Yes, I have actually noticed a great variety of experiences and dynamics in the space - the juke boxes have been a great starting point for conversation with visitors of all ages. How did you come up with the idea of placing juke boxes in the space?

Related to the idea of ’sound in museums’, I was thinking about a space where people could listen within a museum. I think the juke box is a great piece of equipment to enable people listen to music or sound, because you cannot skip to the next song or stop listening half-way through a track. Nowadays, people skip as soon as they get slightly bored when listening to something on an MP3 player. But when you are forced to listen to a full piece, you may notice something you really like but that you hadn’t heard before.


Since its opening, the most brilliant thing to see happening in the space for me is the diversity of experiences that different visitors have, and the quick shifts and layers of multiple dynamics being created within the space - while an old couple dancing to Millie’s ‘My Boy Lollipop’ in one corner draws more visitors into the space, a father of a toddler trying to work the mechanism of a juke box plays out in the other corner. I have observed many teenagers enjoying browsing the play-lists, and a lone visitor writing something in their notebook (perhaps a poem?), inspired by a reading of one of Paul Nash’s letters.

Kiki Claxton, an artist (of collective FLAG) and Casual Learning Assistant at Tate who contributed extensively to the research process of the sound archive, noted the following about her experience of researching files and spending time in the space:

Juke Box Meets Tate Britain shifts the gallery from a place of insular experience (where you listen to something with headphones, for example), to enabling you to share that particular moment you are experiencing with others. When first embarking on the research, I realised this could be a piece of work that people of all ages could interact with and relate to because sound is something you hear everywhere and are unable to hide from.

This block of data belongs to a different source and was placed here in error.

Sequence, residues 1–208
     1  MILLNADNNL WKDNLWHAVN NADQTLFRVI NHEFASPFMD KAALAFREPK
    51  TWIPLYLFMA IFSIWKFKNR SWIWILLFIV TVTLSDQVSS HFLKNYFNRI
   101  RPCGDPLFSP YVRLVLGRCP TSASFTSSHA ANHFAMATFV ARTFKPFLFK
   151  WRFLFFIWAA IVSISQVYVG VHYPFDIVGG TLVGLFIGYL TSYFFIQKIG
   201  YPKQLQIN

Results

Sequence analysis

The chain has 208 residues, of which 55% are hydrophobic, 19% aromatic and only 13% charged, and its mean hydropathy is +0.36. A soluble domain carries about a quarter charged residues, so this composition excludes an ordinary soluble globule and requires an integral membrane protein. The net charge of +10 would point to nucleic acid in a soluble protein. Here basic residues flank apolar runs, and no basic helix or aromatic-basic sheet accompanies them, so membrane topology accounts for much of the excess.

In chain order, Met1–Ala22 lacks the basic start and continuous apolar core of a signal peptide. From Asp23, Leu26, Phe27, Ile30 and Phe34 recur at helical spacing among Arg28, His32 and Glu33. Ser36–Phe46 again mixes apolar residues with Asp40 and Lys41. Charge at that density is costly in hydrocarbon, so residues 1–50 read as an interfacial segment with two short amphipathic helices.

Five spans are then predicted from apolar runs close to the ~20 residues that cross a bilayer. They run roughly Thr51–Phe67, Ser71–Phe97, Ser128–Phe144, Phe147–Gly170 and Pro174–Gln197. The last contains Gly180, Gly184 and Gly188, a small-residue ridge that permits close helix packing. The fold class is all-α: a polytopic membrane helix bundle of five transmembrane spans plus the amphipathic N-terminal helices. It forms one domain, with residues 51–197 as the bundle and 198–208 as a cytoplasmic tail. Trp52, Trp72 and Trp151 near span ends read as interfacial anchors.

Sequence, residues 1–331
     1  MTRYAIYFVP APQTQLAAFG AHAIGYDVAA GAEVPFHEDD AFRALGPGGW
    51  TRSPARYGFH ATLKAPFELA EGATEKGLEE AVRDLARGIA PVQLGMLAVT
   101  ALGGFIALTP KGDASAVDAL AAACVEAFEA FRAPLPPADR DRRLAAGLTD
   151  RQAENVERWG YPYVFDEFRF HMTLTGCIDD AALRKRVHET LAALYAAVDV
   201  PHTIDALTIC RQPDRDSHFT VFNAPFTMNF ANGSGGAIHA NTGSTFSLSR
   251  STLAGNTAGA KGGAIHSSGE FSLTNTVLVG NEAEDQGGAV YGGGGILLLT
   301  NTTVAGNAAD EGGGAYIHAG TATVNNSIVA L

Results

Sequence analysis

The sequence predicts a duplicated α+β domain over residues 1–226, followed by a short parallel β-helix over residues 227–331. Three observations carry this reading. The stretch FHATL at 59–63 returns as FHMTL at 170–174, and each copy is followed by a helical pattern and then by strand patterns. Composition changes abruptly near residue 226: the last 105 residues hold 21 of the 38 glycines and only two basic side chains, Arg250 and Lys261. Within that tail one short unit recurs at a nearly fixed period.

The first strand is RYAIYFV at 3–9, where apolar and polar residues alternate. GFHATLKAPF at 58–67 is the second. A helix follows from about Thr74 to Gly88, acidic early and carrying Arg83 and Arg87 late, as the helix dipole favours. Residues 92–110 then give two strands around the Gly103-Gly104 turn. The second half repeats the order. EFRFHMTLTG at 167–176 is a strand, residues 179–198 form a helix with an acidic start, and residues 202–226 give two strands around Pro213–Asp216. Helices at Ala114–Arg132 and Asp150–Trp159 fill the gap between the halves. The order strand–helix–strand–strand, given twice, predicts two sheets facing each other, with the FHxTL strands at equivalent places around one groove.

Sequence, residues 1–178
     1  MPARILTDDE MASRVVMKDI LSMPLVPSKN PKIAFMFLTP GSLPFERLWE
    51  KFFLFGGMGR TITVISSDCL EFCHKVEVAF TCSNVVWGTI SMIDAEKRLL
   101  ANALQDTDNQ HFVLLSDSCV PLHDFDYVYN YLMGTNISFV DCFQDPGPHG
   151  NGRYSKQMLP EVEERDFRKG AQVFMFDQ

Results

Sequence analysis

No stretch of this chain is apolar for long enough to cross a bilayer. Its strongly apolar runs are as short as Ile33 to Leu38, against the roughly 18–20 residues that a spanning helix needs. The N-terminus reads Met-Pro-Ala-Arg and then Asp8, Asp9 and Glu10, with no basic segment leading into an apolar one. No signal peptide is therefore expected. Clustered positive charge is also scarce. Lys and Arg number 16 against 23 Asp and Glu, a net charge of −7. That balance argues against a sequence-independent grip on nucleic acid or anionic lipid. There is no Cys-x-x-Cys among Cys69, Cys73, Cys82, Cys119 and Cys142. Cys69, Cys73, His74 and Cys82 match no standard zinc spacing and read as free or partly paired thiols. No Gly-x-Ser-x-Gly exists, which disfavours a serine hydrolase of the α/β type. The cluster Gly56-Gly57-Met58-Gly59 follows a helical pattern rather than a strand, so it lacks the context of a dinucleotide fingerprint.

(...) I knew Juke Box Meets Tate Britain could leave an impression on visitors and enable them to view art in a different way, which left me with the challenging task of finding sound elements, be it music, sound clips, letters, readings, interviews and much more - to add another dimension to the work, and for the participant to learn something new about the work (which is never one-sided). The research ranged from finding readings of ’A Midsummer’s Night Dream’ evoking Henry Fuseli’s work about Titania and Bottom, to discovering that Damien Hirst directed Blur’s ’Country House’.

Spending time in the space, you see participants getting a sense of nostalgia from the machines, or from a song they have not heard for a while and telling others about their story. Toddlers are captivated by the colourful machines, watching the records change at their height.

(...) Through working on this project, I have learnt an incredible amount about multiple pieces of art from all eras, and I can now safely say I will experience art on a whole new level.

What I’ve enjoyed seeing in Juke Box Meets Tate Britain is that the majority of families with young children who come into the Learning Gallery have been led by Tate staff to visit the space as part of the family programme, which gives them confidence and security to interact with the display together as a family, while other audiences just wander in, having no idea that it has been programmed by the early years and families team. I believe this could become a unique strength of the new Learning Gallery - that it naturally creates a great mixture of audience groups, and therefore generates interactions amongst and between audiences. Kiki also noted an encounter she had with an elderly visitor talking to a child from another family "I remember these...". If the display is creating dialogues like this, a project in the Learning Gallery such as Juke Box Meets Tate Britain could be a unique model of unexpected intergenerational learning that would otherwise not occur.